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Kanban Boards have become an essential part of the lean management methodology. These have been around for far longer than many may suspect. Kanban dates these back to the early 1600s in Japan, where they were first used as informative signboards.

The Kanban name comes from two Japanese words, “Kan” meaning sign, and “Ban” meaning a board. As the streets became more crowded, shop owners started to make custom shop signs – “KanBans” – to draw passersby’s attention and tell them about the kind of services rendered by each shop. Soon after, Kanban sign designers started to compete by artistically crafting their signboards, to make them stand out from other Kanbans on the street – a practice very much still alive today with modern neon designs…. All these Kanban signs had one thing in common – just like modern Kanban cards, they were able to communicate their content clearly and concisely[1].

In 1956 Taiichi Ōno at Toyota began to use paper cards for signaling and tracking demand in the  factory, and named the new system “Kanban”. He had Kanban cards attached to each finished product and once it was sold, the cards would move back to the production line. On return of the cards, the production team were informed that production was required, however, they could only commence production once the threshold number of Kanban cards was reached. In turn, every material used during production had its own Kanban card attached, allowing for the signal to be communicated through the production line and all the way up the supply chain. The system allowed Toyota to improve internal communications to reduce stockpiles and improve throughput. By 1963 this was rolled out in nearly all Toyota processes and served as the foundation for what became known at TPS Toyota Production system.

Source: istockphoto.com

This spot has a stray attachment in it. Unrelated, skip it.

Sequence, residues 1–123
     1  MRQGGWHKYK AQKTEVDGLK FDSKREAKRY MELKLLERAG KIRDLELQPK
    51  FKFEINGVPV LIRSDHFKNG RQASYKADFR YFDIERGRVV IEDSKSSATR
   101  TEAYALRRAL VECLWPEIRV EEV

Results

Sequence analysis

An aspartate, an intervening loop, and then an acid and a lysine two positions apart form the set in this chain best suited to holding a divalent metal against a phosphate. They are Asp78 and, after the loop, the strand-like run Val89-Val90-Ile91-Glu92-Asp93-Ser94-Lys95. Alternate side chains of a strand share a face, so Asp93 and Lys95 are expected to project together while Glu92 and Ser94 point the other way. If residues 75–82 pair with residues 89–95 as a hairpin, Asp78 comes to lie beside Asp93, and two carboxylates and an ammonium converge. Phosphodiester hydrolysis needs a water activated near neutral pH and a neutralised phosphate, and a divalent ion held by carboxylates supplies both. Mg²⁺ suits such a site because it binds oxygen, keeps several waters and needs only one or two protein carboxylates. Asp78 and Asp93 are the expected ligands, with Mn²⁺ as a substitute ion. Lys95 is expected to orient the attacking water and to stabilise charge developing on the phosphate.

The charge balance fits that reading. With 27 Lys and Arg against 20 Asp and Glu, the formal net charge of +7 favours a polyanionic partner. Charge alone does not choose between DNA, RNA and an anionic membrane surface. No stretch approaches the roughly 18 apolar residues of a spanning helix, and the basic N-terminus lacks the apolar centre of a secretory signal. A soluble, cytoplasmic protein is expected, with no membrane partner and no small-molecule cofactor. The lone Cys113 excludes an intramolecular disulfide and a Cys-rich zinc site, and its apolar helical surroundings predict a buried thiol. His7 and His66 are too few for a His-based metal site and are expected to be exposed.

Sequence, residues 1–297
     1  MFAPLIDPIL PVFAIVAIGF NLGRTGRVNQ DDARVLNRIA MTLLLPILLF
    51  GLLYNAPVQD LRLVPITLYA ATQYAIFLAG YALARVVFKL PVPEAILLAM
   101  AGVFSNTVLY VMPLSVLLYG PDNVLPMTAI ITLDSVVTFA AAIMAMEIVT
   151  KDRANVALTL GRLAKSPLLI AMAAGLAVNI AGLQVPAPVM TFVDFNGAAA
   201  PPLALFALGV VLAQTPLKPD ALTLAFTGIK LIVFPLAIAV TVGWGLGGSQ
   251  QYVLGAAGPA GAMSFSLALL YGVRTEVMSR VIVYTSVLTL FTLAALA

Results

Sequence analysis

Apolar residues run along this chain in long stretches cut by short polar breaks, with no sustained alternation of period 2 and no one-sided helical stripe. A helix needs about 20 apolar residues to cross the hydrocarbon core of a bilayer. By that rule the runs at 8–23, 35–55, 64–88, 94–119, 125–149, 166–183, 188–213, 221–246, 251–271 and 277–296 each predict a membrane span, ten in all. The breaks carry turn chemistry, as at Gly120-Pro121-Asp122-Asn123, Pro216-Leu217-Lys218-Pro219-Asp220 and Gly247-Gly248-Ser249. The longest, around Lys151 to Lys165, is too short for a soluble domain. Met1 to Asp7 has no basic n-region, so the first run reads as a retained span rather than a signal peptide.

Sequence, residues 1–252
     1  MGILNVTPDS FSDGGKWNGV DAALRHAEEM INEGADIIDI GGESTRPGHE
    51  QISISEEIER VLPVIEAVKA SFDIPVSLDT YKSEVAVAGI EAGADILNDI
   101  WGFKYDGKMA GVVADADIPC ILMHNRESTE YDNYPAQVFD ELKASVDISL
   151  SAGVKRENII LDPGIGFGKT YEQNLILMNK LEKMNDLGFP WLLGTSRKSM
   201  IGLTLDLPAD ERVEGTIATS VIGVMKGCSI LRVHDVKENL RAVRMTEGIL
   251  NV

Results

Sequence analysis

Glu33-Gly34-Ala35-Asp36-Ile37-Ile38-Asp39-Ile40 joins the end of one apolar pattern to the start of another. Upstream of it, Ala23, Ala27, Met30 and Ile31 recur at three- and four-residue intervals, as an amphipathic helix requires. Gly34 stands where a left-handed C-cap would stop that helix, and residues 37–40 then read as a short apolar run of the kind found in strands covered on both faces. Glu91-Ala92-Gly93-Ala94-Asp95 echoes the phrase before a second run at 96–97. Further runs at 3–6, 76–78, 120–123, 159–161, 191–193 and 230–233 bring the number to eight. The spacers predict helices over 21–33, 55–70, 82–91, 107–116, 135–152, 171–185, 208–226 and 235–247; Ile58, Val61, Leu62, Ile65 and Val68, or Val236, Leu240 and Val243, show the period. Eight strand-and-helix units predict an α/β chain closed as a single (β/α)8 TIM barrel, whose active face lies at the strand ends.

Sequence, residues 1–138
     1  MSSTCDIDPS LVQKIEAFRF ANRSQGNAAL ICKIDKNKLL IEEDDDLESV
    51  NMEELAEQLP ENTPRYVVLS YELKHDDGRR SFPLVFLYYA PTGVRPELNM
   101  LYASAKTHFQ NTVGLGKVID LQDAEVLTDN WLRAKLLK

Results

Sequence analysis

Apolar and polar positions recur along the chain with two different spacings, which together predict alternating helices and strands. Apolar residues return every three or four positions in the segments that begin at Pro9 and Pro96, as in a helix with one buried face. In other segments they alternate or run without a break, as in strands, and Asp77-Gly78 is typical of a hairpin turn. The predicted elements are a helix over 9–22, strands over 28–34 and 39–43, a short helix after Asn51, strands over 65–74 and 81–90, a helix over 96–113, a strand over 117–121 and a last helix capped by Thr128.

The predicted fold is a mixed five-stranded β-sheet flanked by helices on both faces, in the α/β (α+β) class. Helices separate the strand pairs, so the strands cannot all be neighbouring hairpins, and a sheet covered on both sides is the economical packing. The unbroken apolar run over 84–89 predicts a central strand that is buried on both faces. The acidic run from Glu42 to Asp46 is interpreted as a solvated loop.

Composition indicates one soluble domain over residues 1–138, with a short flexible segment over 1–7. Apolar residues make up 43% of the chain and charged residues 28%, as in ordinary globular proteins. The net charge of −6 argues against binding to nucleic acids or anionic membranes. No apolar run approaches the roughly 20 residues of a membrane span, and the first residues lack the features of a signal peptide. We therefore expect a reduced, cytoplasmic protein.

Kanban Boards were taken to a new level when in 2001 the software industry published the Agile Manifesto as the core to Agile software development introducing concepts such as Scrum and Lean software development. Kanban boards combined with other lean software development and Agile Management methods led to the introduction of columns on the Kanban boards representing the distinct stages of work. By the 2010s web-based applications to manage projects and business processes using the Kanban method were available, further spreading the use of the Kanban methodology.

Wallen[2] writes about his recent experience in discovering Kanban Boards and finding out their potential beyond the ICT industry where these are most commonly found. Within a few days he had reviewed many of the web-based applications available and was able to customise a Kanban board to his particular requirements. His personal use of the methodology enabled him to see its key benefit – “empowering the users, be they developers, designers, data analysts, admins or support”.

Wallen describes a Kanban board as an excel spreadsheet that is divided in columns to reflect the different stages in the workflow and the rows to include the different tasks at each stage. Following his adoption of the Kanban methodology in his own journalistic work, he summarised the benefits of Kanban as:-

  • Better visualization of workflow.
  • Improved efficiency.
  • Improved collaboration.
  • Increased and balanced productivity.
  • Avoid over tasking team members.
  • Increased focus.
  • Waste reduction.
  • Flexibility.
  • Better time management.
  • Empowers users.
  • Better resource allocation.

For more details on the Kanban boards available on the eB-ISP platform, contact us on info@ebizmalta.com We will be pleased to discuss your requirements to identify how we can assist you in implementing Kanban to give your organisation a competitive advantage.


[1] https://kanbantool.com/kanban-guide/kanban-history

[2] Wallen, Jack (2021), Software, Oct 26, If you’re not using a kanban board, you’re not as productive as you could be – TechRepublic